With 50 percent of marriages ending in divorce, monogamy may seem like impossible ideal. “We cannot control our own desires and we certainly cannot control the desires of others,” says Block, who has been in an open marriage for the past 10 years. “You cannot tell someone, ‘Don’t be attracted to anyone else. Don’t desire anyone else.’ You can say, ‘If we’re going to be together, I want it to be monogamous.’ But you cannot control the other person’s heart and mind. The heart wants what it wants.”

One of the reasons polyamory and open relationships aren’t widely accepted, according to Block, is because of the cliché that it’s just one big orgy for all involved.

“The biggest misconception about poly/open marriages is that they are a free for all and that no one cares about anyone else and that those of us involved are promiscuous whores. That’s a load of bunk,” Block says. “This is all about caring for your partner enough to see them as a whole human being who has needs that deserve to be filled. It’s not about getting your rocks off.”

People are often threatened by open relationships, says Rachel Kramer Bussel, a sex writer and editor of The Big Book of Orgasms, because it seems so exotic and weird when compared to the status quo.

“We just don’t have any formal model for a public couple having an open relationship. We have the model of one person having serial affairs—I’m thinking of Bill Clinton—and the other person forgiving them, reluctantly or not,” Bussel says. “It’s still generally assumed that an affair or even an infatuation or emotional or online affair is an affront to the person you love, and not everyone feels that way. It’s disturbing that jealousy and anger are the only seemingly acceptable reactions to the idea that your partner is interested in someone else; we haven’t yet accepted that that’s not everyone’s experience. There’s a word called compersion, which is almost the opposite of jealousy, meaning being happy that your partner has found other loves.”

There is at least one celebrity who is open about her relationship: Mo’Nique has told Barbara Walters she’s got an understanding with her husband.

She said: “Could Sid have sex outside of his marriage with me? Yes. That’s not a deal-breaker,” she says. “That’s not something that would make us say, ‘Pack your things and let’s end the marriage.’ What if it’s 20 times? So what? we’ve been best friends for over 25 years, and we truly know who we are. Oftentimes, people get into marriages and they don’t know who they’re laying next to. I’m very comfortable and secure with my husband.”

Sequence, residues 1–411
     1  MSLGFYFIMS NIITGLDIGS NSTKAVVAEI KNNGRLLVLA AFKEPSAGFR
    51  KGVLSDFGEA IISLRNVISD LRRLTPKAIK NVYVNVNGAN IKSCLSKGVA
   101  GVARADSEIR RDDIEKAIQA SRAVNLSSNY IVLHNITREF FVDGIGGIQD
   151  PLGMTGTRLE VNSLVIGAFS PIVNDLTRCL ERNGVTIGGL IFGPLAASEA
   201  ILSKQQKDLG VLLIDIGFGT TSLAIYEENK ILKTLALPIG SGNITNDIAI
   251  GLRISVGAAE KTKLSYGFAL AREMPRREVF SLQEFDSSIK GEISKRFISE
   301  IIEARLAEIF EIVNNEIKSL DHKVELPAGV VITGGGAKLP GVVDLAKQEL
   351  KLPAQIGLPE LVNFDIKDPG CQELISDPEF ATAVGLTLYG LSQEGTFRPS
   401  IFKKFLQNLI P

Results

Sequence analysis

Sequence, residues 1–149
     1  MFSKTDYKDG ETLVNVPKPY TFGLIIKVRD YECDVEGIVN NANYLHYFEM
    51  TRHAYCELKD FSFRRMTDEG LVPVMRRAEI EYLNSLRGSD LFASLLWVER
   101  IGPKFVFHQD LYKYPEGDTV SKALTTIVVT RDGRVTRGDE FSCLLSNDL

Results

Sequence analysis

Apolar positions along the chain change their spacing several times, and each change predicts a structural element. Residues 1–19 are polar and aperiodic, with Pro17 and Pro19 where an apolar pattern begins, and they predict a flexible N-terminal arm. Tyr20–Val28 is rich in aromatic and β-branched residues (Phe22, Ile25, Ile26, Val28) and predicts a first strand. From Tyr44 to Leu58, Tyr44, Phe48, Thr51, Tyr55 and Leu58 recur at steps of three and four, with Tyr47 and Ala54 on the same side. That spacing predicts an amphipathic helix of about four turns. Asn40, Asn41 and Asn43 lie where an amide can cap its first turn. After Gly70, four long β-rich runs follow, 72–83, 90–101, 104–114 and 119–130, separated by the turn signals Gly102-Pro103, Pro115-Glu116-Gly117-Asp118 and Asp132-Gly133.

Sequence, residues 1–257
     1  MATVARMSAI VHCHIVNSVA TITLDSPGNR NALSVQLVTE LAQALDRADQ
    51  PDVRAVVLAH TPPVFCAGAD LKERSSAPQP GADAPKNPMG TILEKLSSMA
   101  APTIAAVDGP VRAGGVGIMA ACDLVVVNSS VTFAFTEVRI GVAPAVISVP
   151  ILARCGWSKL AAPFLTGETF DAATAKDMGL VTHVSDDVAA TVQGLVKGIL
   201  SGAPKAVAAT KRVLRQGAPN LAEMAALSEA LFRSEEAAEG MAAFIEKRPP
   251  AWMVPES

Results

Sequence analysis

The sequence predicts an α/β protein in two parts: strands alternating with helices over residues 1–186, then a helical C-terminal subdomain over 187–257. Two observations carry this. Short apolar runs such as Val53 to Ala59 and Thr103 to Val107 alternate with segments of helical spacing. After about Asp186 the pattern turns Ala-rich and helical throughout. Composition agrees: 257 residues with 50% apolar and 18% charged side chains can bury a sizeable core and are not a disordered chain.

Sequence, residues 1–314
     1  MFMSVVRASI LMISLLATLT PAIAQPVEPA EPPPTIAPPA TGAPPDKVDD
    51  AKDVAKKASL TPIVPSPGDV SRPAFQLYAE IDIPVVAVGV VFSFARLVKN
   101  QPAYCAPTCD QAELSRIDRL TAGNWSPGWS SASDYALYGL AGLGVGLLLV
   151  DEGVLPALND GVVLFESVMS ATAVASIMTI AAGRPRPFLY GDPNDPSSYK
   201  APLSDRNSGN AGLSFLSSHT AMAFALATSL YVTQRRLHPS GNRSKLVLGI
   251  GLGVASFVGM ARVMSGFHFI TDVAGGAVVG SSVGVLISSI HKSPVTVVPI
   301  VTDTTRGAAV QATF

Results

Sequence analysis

“That’s a pretty bold statement, because I think that’s even harder for many people to understand,” said Bussel of Mo’Nique, but she said, that sentiment is becoming more common.

“Even if you’re not in a formal open marriage, I think we are seeing more people distance themselves from the ‘if you stray once, you’re out forever’ mentality, such as Gwyneth Paltrow saying infidelity wouldn’t be a dealbreaker.” 

In fact, says Bussel, it’s going to take more people being out about their relationship status to get public acceptance, and—as with gay rights—celebrities certainly help the cause. When someone like Dolly Parton comes out about being in an open relationship, she says, it can be only be a boon for the cause.

“If you are in an open relationship, I think it’s going to become increasingly difficult to hide it, and hopefully we are getting to a point where celebs won’t feel the need to hide it, where they can start to own it and change the culture,” said Bussel. “Someone has to be out about it so people can see that, yes, you can be poly and healthy and happy and in love.”

At the same time, Bussel says, “I worry sometimes that it’s about nothing more than publicity. I do know that if a well-loved celebrity was out and modeling good open relationship behavior, it might help to give open relationships the kind of visibility boost they need.”